If you want to learn about the Cavapoo pros and cons, this guide will have everything you need to know. If you have, then you’ve come to the right place. The first step to understanding the pros and cons of owning a Cavapoo is understanding what exactly it is.
A Cavapoo is a hybrid mix between a Cavalier King Charles Spaniel and a Poodle. Cavapoos are sometimes known as Cavoodles or Cavadoodles; despite the variation in name, these dogs are the same. Cavapoos are considered designer dogs because people purposely breed this combination for looks and temperament.
In addition, these dogs are considered small to medium in size, depending on the type of Poodle used for breeding. However, like any dog breed, there are pros and cons to owning a Cavapoo. These are essential things to keep in mind when choosing whether a Cavapoo is a good fit for you.
Before scrolling down this guide, “Raising a Cavapoo Pros and Cons,” check out these similar topics: Maltipoo Pros and Cons Guide and Goldendoodle Pros and Cons Guide.
Pros of Owning a Cavapoo
Cavapoos are described as designer dogs for a reason. People specifically breed them because they make great pets. Below you will find some of the best aspects of owning a Cavapoo.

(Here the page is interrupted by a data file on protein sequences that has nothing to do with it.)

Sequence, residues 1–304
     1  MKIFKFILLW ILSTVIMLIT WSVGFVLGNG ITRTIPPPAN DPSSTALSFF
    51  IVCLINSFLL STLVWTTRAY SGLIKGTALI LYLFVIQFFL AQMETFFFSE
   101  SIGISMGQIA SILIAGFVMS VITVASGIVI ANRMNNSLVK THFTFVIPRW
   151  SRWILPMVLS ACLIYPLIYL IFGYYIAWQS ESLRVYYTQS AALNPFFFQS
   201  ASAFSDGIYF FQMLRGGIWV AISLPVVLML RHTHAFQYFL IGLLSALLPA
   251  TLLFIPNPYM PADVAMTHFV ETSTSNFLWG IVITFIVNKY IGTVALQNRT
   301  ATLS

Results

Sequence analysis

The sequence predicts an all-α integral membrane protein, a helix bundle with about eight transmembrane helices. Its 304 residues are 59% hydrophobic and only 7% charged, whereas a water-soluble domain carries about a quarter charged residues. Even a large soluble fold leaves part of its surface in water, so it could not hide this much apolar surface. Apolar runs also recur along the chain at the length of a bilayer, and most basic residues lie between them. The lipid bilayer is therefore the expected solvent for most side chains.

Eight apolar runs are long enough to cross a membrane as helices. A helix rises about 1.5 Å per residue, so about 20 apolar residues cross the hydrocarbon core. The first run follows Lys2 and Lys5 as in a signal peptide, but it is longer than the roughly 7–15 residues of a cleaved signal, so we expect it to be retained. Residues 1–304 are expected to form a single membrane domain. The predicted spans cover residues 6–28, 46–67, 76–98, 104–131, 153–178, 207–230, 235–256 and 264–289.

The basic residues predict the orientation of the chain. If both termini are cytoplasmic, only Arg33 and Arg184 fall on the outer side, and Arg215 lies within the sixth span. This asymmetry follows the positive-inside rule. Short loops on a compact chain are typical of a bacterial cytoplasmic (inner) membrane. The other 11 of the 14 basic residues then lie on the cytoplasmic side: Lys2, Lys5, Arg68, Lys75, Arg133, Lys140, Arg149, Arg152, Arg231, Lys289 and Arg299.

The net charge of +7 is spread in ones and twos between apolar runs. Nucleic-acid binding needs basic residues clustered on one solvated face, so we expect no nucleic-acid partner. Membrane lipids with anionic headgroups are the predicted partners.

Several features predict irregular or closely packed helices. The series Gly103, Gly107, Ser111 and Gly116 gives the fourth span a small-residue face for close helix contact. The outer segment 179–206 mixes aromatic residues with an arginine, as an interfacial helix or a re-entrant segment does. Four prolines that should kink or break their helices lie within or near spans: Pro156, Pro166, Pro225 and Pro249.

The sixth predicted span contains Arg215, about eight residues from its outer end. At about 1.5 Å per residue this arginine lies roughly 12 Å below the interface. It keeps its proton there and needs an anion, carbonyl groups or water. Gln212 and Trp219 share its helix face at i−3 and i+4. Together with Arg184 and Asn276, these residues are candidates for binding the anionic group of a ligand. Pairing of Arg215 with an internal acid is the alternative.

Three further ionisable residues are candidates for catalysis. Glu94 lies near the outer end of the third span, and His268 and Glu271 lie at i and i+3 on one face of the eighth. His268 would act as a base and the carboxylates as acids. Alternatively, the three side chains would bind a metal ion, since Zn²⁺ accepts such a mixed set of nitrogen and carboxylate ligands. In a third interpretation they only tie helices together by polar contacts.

Poodles are one of the most intelligent dog breeds in the world. Therefore, because of their Poodle genetics, Cavapoos are also brilliant dogs. This intelligence makes these dogs super easy to train, so they are perfect for first-time dog owners.
Related: Are Cavapoos Smart?
One of the best parts about breeding designer dogs is the combination of characteristics passed down to puppies. For example, both Poodles and Cavalier King Charles Spaniels are known for loving and social temperaments. Therefore, Cavapoos are naturally affectionate, loyal, and good-natured dogs.
This great temperament (along with their intelligence outlined above) makes Cavapoos great for service worker positions such as service and therapy dogs. This social temperament also allows Cavapoos to make friends with people and other dogs easily.
3. Life Expectancy
Cavapoos are generally healthy dogs who live long and happy lives. The average lifespan of a Cavapoo is between 12 and 15 years of age. However, this can be affected by breeding. So make sure you adopt your Cavapoo from a reputable breeder; otherwise, genetic health problems may occur, causing your dog to live a shorter life.
4. Low-Shedding and Non-Drooling
Another great trait that Cavapoos have inherited from their Poodle parents is their non-shedding coat. Poodles are low to non-shedding dogs, which is why they are so popular for designer dog breeding.
Cavapoos who take after their Poodle parent more will have non-shedding coats. On the other hand, Cavalier King Charles Spaniels are moderate shedders. So, if your Cavapoo takes after the Spaniel parent more, it is more likely to shed.